Let's hope this is more Mitch Moreland and less Chris Davis...
- Prince Fielder, Adrian Gonzalez, Albert Pujols. 3 All-Star to MVP level first basemen who will all get new contracts within a 12 month span. It’s hard to look at this Rangers roster currently and not be somewhat titillated by the idea of adding a player of that caliber to a position that has largely been a miss for the past few years. Also, I’m curious to see if the inflation seen in this past year’s free agency market will carry over into next year and how that will apply to MVP caliber players. The previous two years had seen average dollars per WAR stay relatively stagnant, but it seems to me that a wiser bet would be on continued inflation. I had assumed that Adrian Gonzalez’ 7 year, $154 million contract is the baseline as his salary was probably somewhat suppressed because of the prospects the Red Sox had to trade to acquire him.
Upon hearing the rumors coming out from the Fielder camp and the Pujols-Cardinals negotiations, this seems to be the case. Fielder is said to want 8 years, $180-200 million dollars. Pujols is said to have turned down an 8 year, $190 million deal. If it were up to me, I’d much rather pay Pujols $250 million than Prince Fielder $190 million. Here’s why:
Both players are likely to be overpaid on the back end of the contracts. But make no mistake about their relative value; Fielder is an All-Star level player who has peaks that are worthy of MVP’s, but Albert Pujols is one of the select few true talent 8.0 WAR players and one of greatest of all time. He could retire today and have a strong case for the Hall of Fame. This isn’t to say Fielder is valueless; his age (almost 27) means that he is going to be one of the few elite players who enter free agency during their peak years…and his peak should be quite good. However, his frame and already poor defensive skills make me skeptical of paying him $20+ million during his mid-30s.
- Speaking of contracts, Ryan Braun signed an extension with the Brewers yesterday that will guarantee him almost $150 million through 2020 with a $16 million option for 2021. This one is a bit of a head scratcher. Braun had already signed an 8 year, $45-51 million contract extension in 2008 that would take him through his age 31 year in 2015. Braun is an All-Star caliber player having put up 4.6, 4.9 and 4.2 WAR in the past 3 years. That sort of consistency is to be valued as is his ability to be a good public face for the organization. Yet, I can’t help but wonder how much of this contract was given by a front office that felt a need to convince fans that not every star would be leaving town at the expense of future payroll restrictions for which they may not be around. The main issue is that, while being an excellent hitter (ranging from an 888 OPS, 129 wRC+ season to a 937 OPS, 150 wRC+ season over the past 3 years), he is a poor defensive fielder. This will likely necessitate a move to first base at some point in the near future and force him to maintain his offensive stats to retain his All-Star level. So assuming Braun declines from 3.5 WAR to 2.0 WAR over his 31-36 year old seasons, this contract is assuming around 8% yearly inflation in the baseball market and gives the Brewers no adjustment for taking on the risk of a long-term deal.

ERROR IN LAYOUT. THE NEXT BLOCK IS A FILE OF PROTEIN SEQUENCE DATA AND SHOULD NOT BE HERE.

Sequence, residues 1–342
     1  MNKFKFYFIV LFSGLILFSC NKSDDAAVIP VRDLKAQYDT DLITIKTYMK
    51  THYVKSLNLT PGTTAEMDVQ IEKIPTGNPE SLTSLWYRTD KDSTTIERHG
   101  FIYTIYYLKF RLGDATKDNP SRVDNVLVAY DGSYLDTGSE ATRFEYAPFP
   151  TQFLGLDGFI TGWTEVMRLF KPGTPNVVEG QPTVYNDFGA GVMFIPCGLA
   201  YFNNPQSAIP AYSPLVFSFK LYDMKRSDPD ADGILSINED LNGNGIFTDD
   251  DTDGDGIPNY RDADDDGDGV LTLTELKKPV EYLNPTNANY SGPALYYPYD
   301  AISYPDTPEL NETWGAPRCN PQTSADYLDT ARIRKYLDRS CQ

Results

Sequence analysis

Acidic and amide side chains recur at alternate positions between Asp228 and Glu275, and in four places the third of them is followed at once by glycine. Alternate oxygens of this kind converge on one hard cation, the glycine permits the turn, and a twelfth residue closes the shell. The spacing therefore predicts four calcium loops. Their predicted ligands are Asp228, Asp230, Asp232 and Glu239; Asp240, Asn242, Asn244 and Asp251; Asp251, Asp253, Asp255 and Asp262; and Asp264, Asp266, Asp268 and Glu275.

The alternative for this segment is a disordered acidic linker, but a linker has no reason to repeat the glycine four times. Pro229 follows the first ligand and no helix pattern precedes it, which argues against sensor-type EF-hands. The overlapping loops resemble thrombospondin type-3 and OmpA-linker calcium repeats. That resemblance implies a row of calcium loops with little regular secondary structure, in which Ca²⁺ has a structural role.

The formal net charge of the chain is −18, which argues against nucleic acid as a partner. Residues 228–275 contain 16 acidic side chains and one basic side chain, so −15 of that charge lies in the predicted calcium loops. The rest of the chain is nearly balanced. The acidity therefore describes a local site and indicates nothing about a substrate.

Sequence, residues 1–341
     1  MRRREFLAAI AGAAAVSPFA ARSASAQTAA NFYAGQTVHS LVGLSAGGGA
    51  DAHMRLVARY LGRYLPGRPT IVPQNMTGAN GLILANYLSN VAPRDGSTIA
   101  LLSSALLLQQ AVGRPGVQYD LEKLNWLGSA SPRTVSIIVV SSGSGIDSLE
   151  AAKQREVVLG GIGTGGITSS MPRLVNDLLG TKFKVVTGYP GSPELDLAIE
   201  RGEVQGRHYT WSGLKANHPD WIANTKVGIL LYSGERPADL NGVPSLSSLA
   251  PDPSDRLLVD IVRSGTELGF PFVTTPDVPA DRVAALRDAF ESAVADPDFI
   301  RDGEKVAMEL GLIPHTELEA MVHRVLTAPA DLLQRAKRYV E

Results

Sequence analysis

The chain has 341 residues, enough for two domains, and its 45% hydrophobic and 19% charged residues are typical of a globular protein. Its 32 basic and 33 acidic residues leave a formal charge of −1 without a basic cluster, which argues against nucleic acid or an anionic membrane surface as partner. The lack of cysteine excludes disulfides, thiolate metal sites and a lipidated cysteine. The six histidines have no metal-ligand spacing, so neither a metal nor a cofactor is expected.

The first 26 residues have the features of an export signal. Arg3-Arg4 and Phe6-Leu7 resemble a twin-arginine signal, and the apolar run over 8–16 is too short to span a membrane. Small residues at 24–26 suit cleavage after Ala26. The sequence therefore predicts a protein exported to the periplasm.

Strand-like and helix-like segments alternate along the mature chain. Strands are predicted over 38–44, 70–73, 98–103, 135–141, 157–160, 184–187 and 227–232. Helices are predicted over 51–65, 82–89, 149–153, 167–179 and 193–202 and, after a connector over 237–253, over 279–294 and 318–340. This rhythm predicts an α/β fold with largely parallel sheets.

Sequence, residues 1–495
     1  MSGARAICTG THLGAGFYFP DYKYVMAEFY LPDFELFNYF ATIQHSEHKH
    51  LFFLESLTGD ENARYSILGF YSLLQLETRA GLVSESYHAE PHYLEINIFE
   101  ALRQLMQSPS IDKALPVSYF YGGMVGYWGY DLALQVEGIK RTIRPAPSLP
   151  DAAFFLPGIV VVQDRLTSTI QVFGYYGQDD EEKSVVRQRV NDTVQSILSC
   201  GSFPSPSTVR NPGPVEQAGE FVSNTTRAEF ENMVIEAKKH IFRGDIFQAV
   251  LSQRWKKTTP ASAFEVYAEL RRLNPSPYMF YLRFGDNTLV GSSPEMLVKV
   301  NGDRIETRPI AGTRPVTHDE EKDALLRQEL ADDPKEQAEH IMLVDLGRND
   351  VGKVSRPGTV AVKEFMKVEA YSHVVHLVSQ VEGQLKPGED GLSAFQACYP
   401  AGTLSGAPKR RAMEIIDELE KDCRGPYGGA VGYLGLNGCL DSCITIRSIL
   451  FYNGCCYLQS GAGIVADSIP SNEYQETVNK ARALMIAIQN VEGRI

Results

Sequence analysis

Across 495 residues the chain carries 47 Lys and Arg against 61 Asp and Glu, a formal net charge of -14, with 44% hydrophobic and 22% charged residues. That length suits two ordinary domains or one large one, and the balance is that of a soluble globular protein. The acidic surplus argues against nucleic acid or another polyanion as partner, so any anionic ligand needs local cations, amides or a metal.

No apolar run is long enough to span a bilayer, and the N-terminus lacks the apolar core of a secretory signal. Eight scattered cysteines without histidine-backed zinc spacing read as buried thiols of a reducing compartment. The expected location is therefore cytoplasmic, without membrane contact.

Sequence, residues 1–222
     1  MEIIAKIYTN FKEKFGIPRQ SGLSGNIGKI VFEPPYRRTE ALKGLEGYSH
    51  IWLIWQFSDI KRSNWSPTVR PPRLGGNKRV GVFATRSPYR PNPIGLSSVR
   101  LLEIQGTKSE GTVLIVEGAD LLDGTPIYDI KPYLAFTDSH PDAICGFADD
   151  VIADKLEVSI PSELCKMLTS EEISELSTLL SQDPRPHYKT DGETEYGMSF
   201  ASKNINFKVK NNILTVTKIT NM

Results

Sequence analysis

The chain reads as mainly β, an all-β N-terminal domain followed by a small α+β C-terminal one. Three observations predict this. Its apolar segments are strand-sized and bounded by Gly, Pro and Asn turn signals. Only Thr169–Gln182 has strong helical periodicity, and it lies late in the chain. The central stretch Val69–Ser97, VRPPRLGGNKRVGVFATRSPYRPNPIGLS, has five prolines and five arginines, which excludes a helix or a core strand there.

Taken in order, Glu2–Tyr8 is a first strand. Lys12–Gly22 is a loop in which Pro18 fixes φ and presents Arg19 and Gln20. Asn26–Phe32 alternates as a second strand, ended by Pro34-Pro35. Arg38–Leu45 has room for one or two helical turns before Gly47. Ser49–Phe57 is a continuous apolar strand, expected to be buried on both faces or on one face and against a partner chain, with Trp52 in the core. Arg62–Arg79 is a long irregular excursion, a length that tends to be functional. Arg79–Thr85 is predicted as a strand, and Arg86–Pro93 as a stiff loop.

- Finally, a Rangers thought. Over the past week or so, the Rangers offense has been less than explosive. I think we all understood that the home run barrage from the first series was unlikely to continue, but this looks much worse than regression. Kinsler and Andrus seem to be coming out of it slowly, but Nelson Cruz looks utterly lost. I’ve heard the argument that Josh Hamilton’s absence would not be a significant deterrent to winning because his hitting stats “only” looked like this: .409 OBP | .462 SLG | .378 wOBA | 141 wRC+ . First, it should be noted that is quite a good line, even if it is off the pace of his phenomenal 2010 season. Anyways, the argument goes that since David Murphy, he of the current .400 OBP | .425 SLG | .372 wOBA | 137 wRC+ line, is playing this well right now, the Rangers are not going to miss Josh Hamilton that much. If they were able to win so many games with Josh Hamilton putting up that line, they should be able to continue winning with Murphy’s similar numbers.
This is a fallacy. While it might be true if Hamilton was merely out one or two weeks, Hamilton is likely out until June. Over the course of these 6-8 weeks, having a player as good as Murphy ready to step in is quite a nice position to be in. However, it is a bad idea to think that the production from Hamilton and Murphy over the first few weeks signifies what they will do over the next month and a half. We have a much larger sample to draw from in the form of their career statistics and those tell us that Hamilton is the much better hitter. Furthermore, I can’t help but wonder if the loss of Hamilton’s more consistent production is affecting the Rangers offense more significantly than these statistics are telling us. There is great value in consistency, especially for a team whose offense can at times become enamored with the more highly variable home run.